The Aboriginal Relations Branch of the Ministry of Northern Development and Mines is reaching out to the mining sector to share its evolving approach to Aboriginal affairs and its insight into conducting business with First Nations and Métis communities.
Bernie Hughes, director of the Aboriginal Relations Branch, and Teri McDonald, land claims specialist and team lead, have been criss-crossing the province delivering their “Aboriginal affairs 101” talk to industry groups like the Sudbury Prospector and Developers Association.
Stops so far have included Toronto, Sault Ste. Marie, Timmins, Sudbury, Kirkland Lake and Tweed (about an hour northeast of Peterborough).
As more jurisprudence and provincial and Supreme Court laws are established around treaty rights, consultation, and Aboriginal title, the area of Aboriginal relations in mineral exploration and development is rapidly evolving, Hughes said.
“We’re in a time right now where things are changing,” said Hughes, and all parties are learning how to navigate this new landscape.
Industry feels a lack of certainty in getting access to the land, First Nation and Métis communities are trying to improve their socioeconomic status, and governments are trying to navigate historic treaties and Aboriginal treaty rights, he noted.
“But all of us are still at an early stage of this shifting environment,” Hughes said, “and I think that we’re already at a point where we’re understanding what we need to do with respect to focusing on and improving the socioeconomic status of First Nations and Métis.”
Hughes pointed to Neskantaga’s 22-year boil water advisory, or the lack of good housing and other infrastructure on many other Northern reserves as examples of communities living “way below the standards that the rest of our society would never accept.”
That’s why First Nations and Métis communities are seeking consultation, not only to benefit economically with jobs and resource revenue-sharing agreements, but also to ensure their traditional lands won’t be irreparably damaged by development, he noted.
Before starting work with the ministry, McDonald, a lawyer who is of Aboriginal descent, had been working for the western Canada branch of the Truth and Reconciliation Commission, hearing evidence about the impact of the residential school system on survivors.
She said a key component of reconciliation is forging relationships between parties based on peace, friendship, and mutual respect, and that same standard should be upheld when embarking on discussions around mineral exploration.
“Often you can’t have a conversation about consultation without also talking about the relationship, talking about capacity needs, talking about the benefits, and talking about the process,” McDonald said. “So, all of those pieces, from the Aboriginal perspective, you can’t have one without the other.”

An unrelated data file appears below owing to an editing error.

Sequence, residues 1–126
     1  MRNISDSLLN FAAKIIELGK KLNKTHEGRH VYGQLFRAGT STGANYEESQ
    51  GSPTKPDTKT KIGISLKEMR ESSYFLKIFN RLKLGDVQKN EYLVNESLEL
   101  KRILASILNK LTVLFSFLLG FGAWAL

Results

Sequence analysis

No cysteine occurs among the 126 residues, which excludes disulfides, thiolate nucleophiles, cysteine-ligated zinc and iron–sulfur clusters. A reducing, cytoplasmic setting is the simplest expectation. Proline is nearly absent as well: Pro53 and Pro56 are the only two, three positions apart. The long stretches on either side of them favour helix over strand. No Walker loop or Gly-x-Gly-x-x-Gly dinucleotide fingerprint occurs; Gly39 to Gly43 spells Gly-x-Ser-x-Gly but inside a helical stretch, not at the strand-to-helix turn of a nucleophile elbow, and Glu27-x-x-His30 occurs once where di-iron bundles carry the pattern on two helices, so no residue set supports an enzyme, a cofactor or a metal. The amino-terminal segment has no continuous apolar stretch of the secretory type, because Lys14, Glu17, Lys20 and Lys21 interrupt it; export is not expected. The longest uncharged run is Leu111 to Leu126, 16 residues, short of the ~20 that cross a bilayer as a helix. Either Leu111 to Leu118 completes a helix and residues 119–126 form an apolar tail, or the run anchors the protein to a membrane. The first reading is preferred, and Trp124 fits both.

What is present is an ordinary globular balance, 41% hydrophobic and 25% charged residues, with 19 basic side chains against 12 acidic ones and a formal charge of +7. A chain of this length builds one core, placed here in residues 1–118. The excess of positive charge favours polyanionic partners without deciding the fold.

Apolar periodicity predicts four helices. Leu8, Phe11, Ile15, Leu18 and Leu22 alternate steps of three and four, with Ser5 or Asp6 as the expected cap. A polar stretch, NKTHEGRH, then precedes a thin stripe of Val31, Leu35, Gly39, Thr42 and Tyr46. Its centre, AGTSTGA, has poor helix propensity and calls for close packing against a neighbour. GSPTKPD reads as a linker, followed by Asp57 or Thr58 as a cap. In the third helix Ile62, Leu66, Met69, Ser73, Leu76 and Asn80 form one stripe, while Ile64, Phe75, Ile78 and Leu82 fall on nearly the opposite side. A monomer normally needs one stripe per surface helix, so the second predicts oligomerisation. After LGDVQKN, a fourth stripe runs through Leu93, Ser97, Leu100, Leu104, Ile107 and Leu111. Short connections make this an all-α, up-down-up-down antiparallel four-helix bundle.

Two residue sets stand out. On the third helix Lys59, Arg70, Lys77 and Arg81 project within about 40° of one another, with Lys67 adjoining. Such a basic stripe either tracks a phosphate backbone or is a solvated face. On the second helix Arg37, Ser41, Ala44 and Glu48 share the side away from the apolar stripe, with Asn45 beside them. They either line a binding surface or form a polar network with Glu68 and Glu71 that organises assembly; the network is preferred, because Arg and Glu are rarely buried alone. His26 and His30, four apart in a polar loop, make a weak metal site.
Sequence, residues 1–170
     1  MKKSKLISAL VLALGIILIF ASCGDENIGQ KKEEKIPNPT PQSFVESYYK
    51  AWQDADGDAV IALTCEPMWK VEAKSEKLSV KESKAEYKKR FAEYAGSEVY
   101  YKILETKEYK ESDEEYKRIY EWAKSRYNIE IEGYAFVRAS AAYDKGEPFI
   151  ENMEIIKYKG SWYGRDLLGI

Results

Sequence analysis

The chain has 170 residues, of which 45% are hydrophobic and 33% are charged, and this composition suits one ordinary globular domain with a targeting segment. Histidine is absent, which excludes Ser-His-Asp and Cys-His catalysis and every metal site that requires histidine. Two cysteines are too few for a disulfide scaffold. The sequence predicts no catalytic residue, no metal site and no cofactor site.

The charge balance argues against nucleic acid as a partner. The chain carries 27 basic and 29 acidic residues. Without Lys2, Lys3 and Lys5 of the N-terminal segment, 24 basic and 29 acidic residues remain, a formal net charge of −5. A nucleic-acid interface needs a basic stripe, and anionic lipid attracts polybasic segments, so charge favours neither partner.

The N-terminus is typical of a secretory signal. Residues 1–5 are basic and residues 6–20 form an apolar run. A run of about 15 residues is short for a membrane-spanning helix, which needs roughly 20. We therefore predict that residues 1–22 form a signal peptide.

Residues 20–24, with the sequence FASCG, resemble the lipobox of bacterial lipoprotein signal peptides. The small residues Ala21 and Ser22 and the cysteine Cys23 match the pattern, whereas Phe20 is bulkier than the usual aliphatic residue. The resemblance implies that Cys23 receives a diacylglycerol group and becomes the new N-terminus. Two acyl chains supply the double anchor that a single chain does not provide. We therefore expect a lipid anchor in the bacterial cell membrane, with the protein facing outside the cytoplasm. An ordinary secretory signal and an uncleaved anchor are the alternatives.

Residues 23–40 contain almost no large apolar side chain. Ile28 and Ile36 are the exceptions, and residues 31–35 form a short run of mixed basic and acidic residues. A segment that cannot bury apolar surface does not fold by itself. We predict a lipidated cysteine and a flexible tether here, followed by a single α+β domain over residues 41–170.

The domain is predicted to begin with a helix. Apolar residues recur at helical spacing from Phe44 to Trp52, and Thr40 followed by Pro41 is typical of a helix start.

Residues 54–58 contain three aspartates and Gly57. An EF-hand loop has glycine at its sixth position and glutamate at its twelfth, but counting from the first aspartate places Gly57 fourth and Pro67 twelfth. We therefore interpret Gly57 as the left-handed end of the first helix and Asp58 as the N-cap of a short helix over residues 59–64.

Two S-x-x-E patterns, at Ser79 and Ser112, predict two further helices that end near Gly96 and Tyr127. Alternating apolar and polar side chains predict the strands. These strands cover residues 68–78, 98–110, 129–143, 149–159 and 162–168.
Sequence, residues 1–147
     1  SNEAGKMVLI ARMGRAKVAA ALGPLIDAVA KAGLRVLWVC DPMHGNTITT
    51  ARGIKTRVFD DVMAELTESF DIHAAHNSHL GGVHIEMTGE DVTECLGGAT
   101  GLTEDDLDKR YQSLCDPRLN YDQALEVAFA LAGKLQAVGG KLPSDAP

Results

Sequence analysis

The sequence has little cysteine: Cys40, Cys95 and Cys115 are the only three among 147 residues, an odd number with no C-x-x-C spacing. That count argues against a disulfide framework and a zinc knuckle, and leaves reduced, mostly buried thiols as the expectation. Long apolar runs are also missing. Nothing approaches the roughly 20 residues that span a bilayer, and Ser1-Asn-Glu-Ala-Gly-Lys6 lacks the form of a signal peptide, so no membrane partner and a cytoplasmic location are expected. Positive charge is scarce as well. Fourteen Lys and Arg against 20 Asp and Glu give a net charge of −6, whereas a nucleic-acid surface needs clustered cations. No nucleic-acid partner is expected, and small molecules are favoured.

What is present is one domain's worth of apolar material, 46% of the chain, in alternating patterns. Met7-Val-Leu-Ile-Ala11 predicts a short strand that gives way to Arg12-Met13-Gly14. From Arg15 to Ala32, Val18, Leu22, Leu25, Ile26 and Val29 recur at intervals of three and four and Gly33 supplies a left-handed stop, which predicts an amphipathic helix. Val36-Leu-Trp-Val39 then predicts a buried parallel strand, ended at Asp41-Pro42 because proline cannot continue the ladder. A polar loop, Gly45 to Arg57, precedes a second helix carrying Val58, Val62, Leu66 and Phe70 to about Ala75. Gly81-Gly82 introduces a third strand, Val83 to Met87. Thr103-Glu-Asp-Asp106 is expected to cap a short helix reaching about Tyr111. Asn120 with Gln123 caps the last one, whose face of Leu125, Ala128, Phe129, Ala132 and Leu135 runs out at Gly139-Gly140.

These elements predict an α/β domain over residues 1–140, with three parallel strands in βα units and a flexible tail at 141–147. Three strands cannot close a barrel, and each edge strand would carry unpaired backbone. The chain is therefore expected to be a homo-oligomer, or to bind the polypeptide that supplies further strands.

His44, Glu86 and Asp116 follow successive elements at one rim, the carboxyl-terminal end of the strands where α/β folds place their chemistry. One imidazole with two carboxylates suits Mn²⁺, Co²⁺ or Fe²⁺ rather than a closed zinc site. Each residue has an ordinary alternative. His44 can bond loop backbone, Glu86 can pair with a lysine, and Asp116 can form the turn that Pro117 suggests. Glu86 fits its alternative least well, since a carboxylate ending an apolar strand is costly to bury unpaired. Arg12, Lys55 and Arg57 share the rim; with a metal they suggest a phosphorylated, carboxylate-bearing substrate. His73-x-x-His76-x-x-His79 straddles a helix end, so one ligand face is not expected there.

Each scenario is different and that can present challenges, McDonald said. But there are tools available: best practices, models for agreement, and education can help build bridges between Aboriginal communities and industry.
Often, Aboriginal communities are simply looking for recognition of jurisdiction over their traditional lands and the right to benefit from any potential developments slated for those lands, she added.
“If you can work with the community to try and understand their interests, their perspectives, there’s opportunity in those differences,” McDonald said.
“If we’re able to get back to those very simple principles of trust, friendship, peace, mutual respect, I think the opportunities for moving forward together will start to bear themselves out.”
The ministry has several agreements in place with First Nations tribal councils across the province, and is trying to help the communities increase their knowledge of the mineral sector. Building capacity is a challenge, and it’s not a change that will happen overnight, Hughes said.
But the Crown maintains its responsibility for balancing Aboriginal interests with the interests of non-Aboriginal society, and the ministry will continue to work on that, he said.
“The Aboriginal environment is now a part of resource development and that’s not going to change,” Hughes said.
Responding to criticism that the province is moving at a glacial pace in effecting change, Hughes said he believes Ontario now realizes it has to play catchup, but it’s serious in its intention to work with the Aboriginal community. That will be the tipping point, he believes, to helping a part of the population that has essentially been neglected.
“The deeper things will take time, but once people start to feel that they’re a part of society and can feel good about that, that will spin out into the work that we do,” Hughes said.
“I think there will be an ability to carry out our work in the mineral sector, in particular. It’ll be a little bit easier, and there will be more acceptance of it as people have been involved in the process.”
Hughes said the ministry will continue to make itself available to both industry and Aboriginal communities, in addition to giving presentations as requested.